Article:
Chicago White Sox skipper [manager] Tony La Russa is the epitome of why Major League Baseball and the sport, in general, have gone from America’s true pastime to no better than third among the most popular team sports in North America. And third is being generous. The NHL is in hot pursuit of taking over third place from MLB as they continue to become more innovative and open their doors to more diversity and inclusion within the sport.
It’s not that MLB hasn’t done this in the past, and yes, MLB is diverse in certain aspects. Diversity isn’t the issue here, though. The mindset of those wielding major influence within the game of baseball is the issue. Some so-called baseball “purists” are hell-bent on upholding the unwritten rules of baseball to the point where it does not matter if their on-field beliefs go against the beliefs of those within their locker room.
The recent incident involving La Russa and his rookie DH Yermin Mercedes is one of the best examples of this we’ve seen in a while. In the ninth inning of a 15-4 blowout of the Minnesota Twins, Mercedes decided to go against the wishes of La Russa and took a big hack at a 3-0 count pitch that was lobbed over the plate.
When I say lobbed, that’s just what the pitch was. A 47-mph ball thrown by utility player Willians Astudillo. It’s the ninth inning, we’re getting the breaks beat off us, so why not? Seems that is the same attitude Mercedes took upon seeing who the Twins had placed on the mound against him. On pitch four of the at-bat, Mercedes knocked it out of the park with no care in the world.
It was clear, in La Russa’s post-game press conference he was not happy with Mercedes:
“There’s sportsmanship, respect for the game, respect for your opponent. That’s real and has to be the philosophy, and we follow it. The fact that he is a rookie who was excited helps explain why he just was clueless. But now he’s got a clue.”
Even if his Manager chooses not to have his back, some of Mercedes’ White Sox teammates did come to his defense, including shortstop Tim Anderson.
“He’s authentic, he’s being himself,” Anderson said. “You hit it a mile, it’s OK to pimp it, it’s okay to watch it. It’s cool. Not everybody’s doing that, not everybody is hitting a big-league home run. For him to be able to do that, it’s okay for him to enjoy it, man. And I’m going to back him up 1,000 percent.”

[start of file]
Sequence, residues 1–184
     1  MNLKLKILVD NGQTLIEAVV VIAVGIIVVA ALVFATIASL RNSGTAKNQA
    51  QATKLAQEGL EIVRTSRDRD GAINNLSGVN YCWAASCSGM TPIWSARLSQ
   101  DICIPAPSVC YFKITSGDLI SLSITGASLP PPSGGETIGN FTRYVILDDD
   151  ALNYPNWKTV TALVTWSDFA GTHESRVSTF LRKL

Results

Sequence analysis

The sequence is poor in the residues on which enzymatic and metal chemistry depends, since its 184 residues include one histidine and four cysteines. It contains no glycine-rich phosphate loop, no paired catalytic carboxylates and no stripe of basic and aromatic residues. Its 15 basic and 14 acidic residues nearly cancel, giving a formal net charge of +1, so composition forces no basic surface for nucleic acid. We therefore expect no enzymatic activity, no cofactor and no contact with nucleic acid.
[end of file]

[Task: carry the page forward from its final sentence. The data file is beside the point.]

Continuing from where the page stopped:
Old school vs counterculture, sounds familiar right? We see this in sports, and even more in society from decade to decade. Era to era, one generation to the next. Those who side with the La Russa’s of the world, are so far out of touch. Not only with the game of baseball but with the times in general. And just like the world, baseball is changing as well. Here is a prime example of why baseball has gone from a national sport to a more regional sport.
Wanting to hold onto the precious and sacred “unwritten rules” of baseball is partially responsible for its lack in popularity over the last 25 years among the masses. Of course, there are other reasons, but this one ranks as high as any.
Don’t get it twisted, La Russa is an all-time great baseball manager, and he knows how to win and turn a clubhouse around. He has done exactly that with this young White Sox team thus far this season. But we all know winning can mask and cure a lot in professional sports.
Regardless of the winning, it just feels like this situation is destined to go awry. La Russa doesn’t relate to these players. He cannot, and he won’t try to and does not feel the need to. La Russa is a 76-year-old Caucasian male in America who quite frankly doesn’t have to relate to these players.
It’s tough to see him [La Russa] making it through this entire 2021 season and returning for 2022. Short of the White Sox making a World Series run and winning, it is hard to imagine La Russa returning for another 162 games in 2022.